Chapter 2: Preparing for death
Prepare important documents
We also talked about her will, the changes she wanted to make.
As an illness progresses and the person you are caring for approaches death, families often become more distressed by the changes in the person who is ill, and by the shifts that occur in care. Being prepared and knowing the person’s wishes in advance can help alleviate some of the strain with regards to decision-making and can help provide some direction for the coming days and weeks.
The following documents will help with this process. Click on each phrase to read more.
These are documents provide specific direction to healthcare providers if a person is not able to communicate their wishes themselves.
The person can also name someone to relay their wishes for medical care. Ideally, this proxy will have an excellent understanding of the person's values and wishes. The proxy will need to feel comfortable making healthcare decisions on the person’s behalf when the person is unable to do so. Preparation of a healthcare directive also gives families an opportunity to discuss the values and wishes of the person who is ill so that they can offer guidance when difficult decisions need to be made.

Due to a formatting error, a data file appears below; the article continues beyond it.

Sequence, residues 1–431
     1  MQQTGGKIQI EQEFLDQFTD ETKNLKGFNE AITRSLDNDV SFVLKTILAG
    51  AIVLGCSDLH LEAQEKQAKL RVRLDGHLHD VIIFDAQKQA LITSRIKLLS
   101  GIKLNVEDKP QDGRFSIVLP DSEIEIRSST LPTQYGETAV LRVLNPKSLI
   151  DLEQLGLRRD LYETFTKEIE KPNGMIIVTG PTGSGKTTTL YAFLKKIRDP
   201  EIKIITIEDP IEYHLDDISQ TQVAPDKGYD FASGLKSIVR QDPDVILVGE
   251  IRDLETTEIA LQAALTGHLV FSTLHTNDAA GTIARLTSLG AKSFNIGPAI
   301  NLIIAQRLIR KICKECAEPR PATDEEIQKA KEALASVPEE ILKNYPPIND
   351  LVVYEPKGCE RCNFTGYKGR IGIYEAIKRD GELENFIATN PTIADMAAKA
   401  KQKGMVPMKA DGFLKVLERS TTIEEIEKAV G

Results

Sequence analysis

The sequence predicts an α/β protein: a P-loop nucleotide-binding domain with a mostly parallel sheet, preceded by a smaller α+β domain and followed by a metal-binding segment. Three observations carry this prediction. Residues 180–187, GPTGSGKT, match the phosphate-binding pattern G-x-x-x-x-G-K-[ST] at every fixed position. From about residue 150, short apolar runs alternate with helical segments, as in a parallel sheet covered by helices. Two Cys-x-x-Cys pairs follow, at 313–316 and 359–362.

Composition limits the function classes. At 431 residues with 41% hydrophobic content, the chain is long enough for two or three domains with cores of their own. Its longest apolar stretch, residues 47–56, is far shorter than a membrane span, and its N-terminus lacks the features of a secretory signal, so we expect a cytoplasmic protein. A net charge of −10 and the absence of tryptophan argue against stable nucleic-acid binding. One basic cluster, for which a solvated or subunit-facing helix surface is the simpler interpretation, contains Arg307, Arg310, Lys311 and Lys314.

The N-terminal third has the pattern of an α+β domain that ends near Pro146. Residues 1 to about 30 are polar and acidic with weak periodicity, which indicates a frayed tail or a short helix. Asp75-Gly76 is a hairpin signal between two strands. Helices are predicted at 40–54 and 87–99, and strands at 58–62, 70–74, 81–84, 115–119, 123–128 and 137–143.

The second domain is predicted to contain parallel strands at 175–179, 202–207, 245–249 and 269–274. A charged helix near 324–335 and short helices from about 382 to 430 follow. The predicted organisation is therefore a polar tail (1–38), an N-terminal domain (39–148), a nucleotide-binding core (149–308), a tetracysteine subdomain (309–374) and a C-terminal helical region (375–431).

In Canada, certain deaths are classified as reportable – meaning the death must be reported to the provincial or territorial medical examiner's office. The circumstances surrounding these reportable deaths are then investigated by the police or coroner’s office. Depending on which province or territory you live in, a death at home may be classified as reportable. However, it is possible in many areas to notify the medical examiner’s office of an anticipated home death due to a terminal illness before the death occurs. Check with your healthcare team to find out what steps need to be taken in your community. Generally, your doctor needs to write a letter of anticipated death and give copies to the medical examiner’s office and funeral home. Then, when the death occurs, no investigation is required.